What are Artificial Colors?
Artificial colors are produced synthetically to dye and enhance most foods and beverages. Also known as certified colors, artificial color additives must be approved by the FDA. They are used far more often than natural colors in the food industry, due to to a lower cost, longer shelf life and higher reliability than natural dyes.1
Color additives play a key role in product appeal, adding expected color and a perception of taste or sweetness. From bright and vivid “extreme colors,” to muted pastels, a variety of hues can be accomplished from these additives. However, only seven straight synthetic colors are approved by the FDA to use in food, all associated with a number.
Since ancient civilizations, foods have been colored with a variety of plants, minerals, and animals, such as mulberries or copper ores. Natural sources were the only coloring agent used until halfway through the 1800s. Then William Henry Perkin discovered the first synthetic dye in 1865 – a purple tint named mauve. Many others were soon produced, synthesised from coal tar.
The boom of processed food in the industrial revolution created a need for more stable and enticing colors in food. The process of preserving and storing products reduced the natural color, so dyes were added to compensate. Federal regulation of color additives began in the 1880s, starting with butter and cheese. Of the many dyes used, most were found to be unsafe for human consumption. By 1931, only 15 straight dyes could be used in food. The list was narrowed down after increased regulation in the 1960s.
Artificial colors dyes are produced in powder, granule or liquid form. Most are made with the raw materials synthesised from petroleum. The color of the dye is achieved by the azo-groups and various substituents that are selected for the process. Red colors are produced by an aniline derivative and a naphthol derivative reaction. Yellow colors are made with acetoacetanilide and heterocyclic compounds. Blue is a result of benzidine derivative replacing the aniline derivative.2
Lakes, a type of color additive that is less soluble form, are made through a longer process. The dye is precipitated onto an insoluble base, such as aluminum hydroxide. The base absorbs the color, and is then dried and ground.3
Artificial colors can achieve bright and reliable hues, without impacting the product’s taste or stability substantially. They are also less expensive than natural colors, due to their relatively cheap production and starting materials.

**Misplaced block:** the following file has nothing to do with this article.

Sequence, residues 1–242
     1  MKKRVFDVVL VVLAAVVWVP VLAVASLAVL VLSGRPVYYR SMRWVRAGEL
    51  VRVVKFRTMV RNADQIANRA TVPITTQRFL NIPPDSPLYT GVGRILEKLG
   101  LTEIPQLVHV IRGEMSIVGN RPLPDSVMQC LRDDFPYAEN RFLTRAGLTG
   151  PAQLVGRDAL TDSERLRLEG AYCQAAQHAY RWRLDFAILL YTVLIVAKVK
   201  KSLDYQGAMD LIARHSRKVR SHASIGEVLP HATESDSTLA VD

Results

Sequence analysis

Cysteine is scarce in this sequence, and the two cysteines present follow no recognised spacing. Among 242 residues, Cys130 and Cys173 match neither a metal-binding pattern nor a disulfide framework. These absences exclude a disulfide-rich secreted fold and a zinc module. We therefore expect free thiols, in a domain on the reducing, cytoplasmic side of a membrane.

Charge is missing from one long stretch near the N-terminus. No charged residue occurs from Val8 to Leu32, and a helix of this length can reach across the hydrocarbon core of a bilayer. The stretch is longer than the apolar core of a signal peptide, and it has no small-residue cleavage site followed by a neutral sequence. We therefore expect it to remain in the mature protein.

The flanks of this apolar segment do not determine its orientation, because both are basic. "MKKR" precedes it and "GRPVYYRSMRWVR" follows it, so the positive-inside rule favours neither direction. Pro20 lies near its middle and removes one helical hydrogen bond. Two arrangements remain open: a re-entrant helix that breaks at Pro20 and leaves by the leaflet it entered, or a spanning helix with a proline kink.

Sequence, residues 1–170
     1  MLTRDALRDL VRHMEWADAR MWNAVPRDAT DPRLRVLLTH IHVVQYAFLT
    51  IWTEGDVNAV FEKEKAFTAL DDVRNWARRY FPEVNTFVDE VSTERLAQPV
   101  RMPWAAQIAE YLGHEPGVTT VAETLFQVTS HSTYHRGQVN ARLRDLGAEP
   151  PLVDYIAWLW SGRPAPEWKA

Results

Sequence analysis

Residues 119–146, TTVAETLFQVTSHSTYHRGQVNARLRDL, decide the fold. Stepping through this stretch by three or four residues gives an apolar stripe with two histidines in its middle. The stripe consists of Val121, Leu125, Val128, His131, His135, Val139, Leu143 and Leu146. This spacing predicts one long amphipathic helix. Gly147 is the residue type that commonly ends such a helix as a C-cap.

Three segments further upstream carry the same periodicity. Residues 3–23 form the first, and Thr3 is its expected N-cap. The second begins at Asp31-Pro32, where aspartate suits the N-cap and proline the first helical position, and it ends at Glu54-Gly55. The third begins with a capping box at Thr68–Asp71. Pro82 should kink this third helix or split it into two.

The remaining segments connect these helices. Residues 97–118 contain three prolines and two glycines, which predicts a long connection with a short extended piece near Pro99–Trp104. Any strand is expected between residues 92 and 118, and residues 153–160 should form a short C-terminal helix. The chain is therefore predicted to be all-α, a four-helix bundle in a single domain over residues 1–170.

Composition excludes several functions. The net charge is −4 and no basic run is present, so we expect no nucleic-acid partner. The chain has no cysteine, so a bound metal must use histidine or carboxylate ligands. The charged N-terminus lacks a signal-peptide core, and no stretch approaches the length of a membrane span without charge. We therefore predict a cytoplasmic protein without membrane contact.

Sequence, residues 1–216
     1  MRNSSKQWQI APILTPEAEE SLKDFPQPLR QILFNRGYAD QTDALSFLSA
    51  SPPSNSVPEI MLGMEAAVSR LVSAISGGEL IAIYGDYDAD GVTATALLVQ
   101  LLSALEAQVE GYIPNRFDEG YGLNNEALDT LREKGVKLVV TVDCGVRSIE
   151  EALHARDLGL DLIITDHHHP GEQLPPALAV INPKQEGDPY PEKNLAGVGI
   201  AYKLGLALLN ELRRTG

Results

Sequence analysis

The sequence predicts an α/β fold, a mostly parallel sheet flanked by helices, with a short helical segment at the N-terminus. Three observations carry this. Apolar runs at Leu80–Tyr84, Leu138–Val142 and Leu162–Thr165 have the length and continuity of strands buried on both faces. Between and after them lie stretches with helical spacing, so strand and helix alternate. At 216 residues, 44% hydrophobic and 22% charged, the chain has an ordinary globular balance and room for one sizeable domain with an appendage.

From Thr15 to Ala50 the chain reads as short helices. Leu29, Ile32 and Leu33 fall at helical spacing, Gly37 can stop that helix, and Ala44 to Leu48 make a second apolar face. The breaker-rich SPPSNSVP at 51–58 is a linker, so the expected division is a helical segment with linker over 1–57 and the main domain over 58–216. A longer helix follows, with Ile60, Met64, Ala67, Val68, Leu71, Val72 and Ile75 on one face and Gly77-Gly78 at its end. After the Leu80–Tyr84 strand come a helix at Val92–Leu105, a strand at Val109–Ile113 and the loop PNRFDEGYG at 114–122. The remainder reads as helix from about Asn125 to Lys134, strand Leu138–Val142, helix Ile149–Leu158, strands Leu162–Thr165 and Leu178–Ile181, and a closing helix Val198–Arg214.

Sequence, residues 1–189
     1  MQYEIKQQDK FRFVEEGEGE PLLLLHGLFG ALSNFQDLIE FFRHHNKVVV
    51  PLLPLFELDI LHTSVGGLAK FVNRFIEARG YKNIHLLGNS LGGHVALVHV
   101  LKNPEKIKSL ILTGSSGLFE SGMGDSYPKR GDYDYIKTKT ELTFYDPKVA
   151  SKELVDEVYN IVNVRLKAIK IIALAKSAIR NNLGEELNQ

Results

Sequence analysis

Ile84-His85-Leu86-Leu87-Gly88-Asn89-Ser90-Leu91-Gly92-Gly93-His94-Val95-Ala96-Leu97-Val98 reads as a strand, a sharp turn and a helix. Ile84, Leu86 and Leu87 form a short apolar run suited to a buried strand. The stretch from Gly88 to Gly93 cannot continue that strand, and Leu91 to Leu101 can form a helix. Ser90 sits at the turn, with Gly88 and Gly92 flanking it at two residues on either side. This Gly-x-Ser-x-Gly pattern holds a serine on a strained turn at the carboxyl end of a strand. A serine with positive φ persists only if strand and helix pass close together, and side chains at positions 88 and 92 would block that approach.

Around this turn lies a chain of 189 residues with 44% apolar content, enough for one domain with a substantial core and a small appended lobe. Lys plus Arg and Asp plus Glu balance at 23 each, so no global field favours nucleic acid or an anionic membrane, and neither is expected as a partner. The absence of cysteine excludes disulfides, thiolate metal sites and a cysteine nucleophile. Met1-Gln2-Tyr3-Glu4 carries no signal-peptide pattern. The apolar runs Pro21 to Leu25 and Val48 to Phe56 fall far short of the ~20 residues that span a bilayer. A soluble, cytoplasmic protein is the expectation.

There are two main types of color additives used in food production:4
- Dyes: are water solvent and sold as powders, granules or liquids. They are most commonly used in beverages, dry mixes, baked goods, dairy products, jams, pudding, pie filling, yogurt, etc.
- Lakes: do not dissolve in water. A much more stable product than dyes, they are used in food with fats and oils that have less liquid. Lakes are used in coloring coated tablets, cake mix, donut mix, cheese, margarine, etc.
The seven FDA food certified color additives are:
Red 40, or Allura Red AC, produces red. Molecular formula: C18H14N2Na2O8S2
Red #3, or Erythrosine, produces pink. Molecular formula: C17H13N3O3
Yellow 5, or Tartrazine, produces yellow. Molecular formula: C16H9N4Na3O9S2
Yellow 6, or Sunset Yellow FCF, produces orange. Molecular formula: C16H10N2Na2O7S2
Blue #1, or Brilliant Blue FCF, produces blue. Molecular formula: C37H34N2Na2O9S3
Blue #2, or Indigotine, produces indigo. Molecular formula: C16H8N2Na2O8S2
Green #3, or Fast Green FCF, produces turquoise. Molecular formula: C37H34N2Na2O10S3
Two artificial colors are used in the coloring of the outside of food, but not the inside. Citrus Red #2 is used to color the skin of oranges and Orange B colors the skin of frankfurters or sausages.
The FDA certifies all batches of color additives before they can be sold. That includes all synthetic dyes, lakes and pigments. The testing includes an evaluation of physical appearance and at least 10 chemical analyses. No FDA GRAS exemption can be given to the definition of a color additive.
The FDA certifies batches into three categories, depending on how they are made and how they can be used. FD&C may be used to color foods, drugs and cosmetics. D&C may only be used in drugs and cosmetics. Ext. D&C are used in drugs and cosmetics applied externally. Click here for a list of artificial color additives approved by the FDA.
- Batista, Ana Paula, Anabela Raymundo, Isabel Sousa, José Empis, and José Maria Franco. “Colored Food Emulsions—Implications of Pigment Addition on the Rheological Behavior and Microstructure.” Food Biophysics 1.4 (2006): 216-27.
- Liu, Lingfei, Zhang Yulan, and Xuhong Qian. “Synthesis and Peroxidase-staining Properties of Novel Water Soluble Polyhydroxylalkyl Benzidine Dyes.” Dyes and Pigments 60.1 (2004): 17-21.
- Lobo, M., J. Patel, G. Kamins, R. Francis, B. Breza, and R. Jerzewski. “Interaction of Omapatrilat with FD&C Blue No. 2 Lake during Dissolution of Modified Release Tablets.” International Journal of Pharmaceutics 339.1-2 (2007): 168-74.
- Griffiths, James C. “Coloring Foods and Beverages.” Food Technology 59.5 (2005): n. pag.